The municipalities are required to establish EGU for the target group. Vocational and production schools can enter into an agreement to organise EGU on behalf of the municipality.
The majority of EGU pupils go on to seek employment or a vocational training programme when they have completed their EGU, or in circumstances when their education is interrupted with a view to continued education or training.
”Positive” interruption as a success criterion
A special feature of EGU is that if, during the course of the EGU programme, it is assessed that the pupil has achieved the prerequisites for, and the will, to go on to an education and training programme in a qualified manner, or to achieve permanent employment, it may be appropriate to discontinue the EGU plan. If they continue to post-compulsory education, the pupils must have credits for the school-based parts they have completed.
Supervision and quality assurance
The unit responsible for the individual education and training elements in the pupil’s EGU agreement has responsibility for the quality. The supervision is similarly located, depending on the educational provider involved. If this is a vocational college, the Ministry of Education is the supervising authority.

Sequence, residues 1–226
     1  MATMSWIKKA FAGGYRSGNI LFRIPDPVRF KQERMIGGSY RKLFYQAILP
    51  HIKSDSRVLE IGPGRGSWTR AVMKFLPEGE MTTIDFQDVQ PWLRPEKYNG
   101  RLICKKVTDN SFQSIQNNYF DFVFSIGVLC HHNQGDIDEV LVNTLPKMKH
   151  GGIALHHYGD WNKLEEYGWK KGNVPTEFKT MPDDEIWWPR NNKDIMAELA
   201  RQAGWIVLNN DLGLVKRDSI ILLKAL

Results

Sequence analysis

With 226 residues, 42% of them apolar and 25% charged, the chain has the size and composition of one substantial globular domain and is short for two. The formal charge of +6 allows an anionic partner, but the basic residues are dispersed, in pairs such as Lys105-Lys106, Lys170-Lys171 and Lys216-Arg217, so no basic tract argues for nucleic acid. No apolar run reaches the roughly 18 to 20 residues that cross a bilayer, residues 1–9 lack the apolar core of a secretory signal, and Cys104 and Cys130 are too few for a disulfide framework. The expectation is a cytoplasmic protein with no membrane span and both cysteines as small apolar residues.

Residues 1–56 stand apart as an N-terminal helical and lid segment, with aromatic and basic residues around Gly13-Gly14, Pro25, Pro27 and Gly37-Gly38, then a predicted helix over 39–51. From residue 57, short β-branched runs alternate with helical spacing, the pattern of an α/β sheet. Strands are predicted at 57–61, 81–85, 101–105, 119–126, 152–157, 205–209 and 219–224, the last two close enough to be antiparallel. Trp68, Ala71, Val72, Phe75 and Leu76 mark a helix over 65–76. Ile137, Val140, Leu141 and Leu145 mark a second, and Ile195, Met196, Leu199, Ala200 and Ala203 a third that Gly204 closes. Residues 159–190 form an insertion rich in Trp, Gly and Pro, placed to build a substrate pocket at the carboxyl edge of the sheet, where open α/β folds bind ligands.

During the school-based part of the programme, EGU pupils receive a weekly school allowance.
In 2010 this allowance amounted to DKK 616 for the under-18 year-olds and DKK 1,475 for young people over the age of 18. During practical training, the pupils receive ordinary trainee wages, which take a starting point in the first year’s wages in the vocational education and training programmes (approx. DKK 9000 a month). School-based teaching is ordinarily financed pursuant to the legislation governing the educational elements that are included in the education programme. The municipality can provide supplementary grants etc. for the teaching.
The municipal expenses for EGU are, apart from expenses to guidance, administration, trainees’ wages etc. financed partly by state reimbursement and partly by budgetary guarantees through the municipal block grant scheme, i.e. general fund transfers from the state to the municipalities.
The municipalities themselves finance the appointment of persons in charge of EGU. The production schools and vocational colleges receive grants to establish, administer and implement EGU plans.
It is stated in the EGU Act that the EGU pupil’s personal education plan has to indicate the anticipated award of credit for school-based teaching and/or practical training when the pupil continues in education and training.
EGU may be characterised as a guided intensive programme considering the target group. Close personal and social support and follow up of the individual pupil, in both the school-based part and the practical training, is often a precondition for the programme being a success for the pupil. An EGU guidance counsellor often has a mentor role in relation to the individual EGU pupil.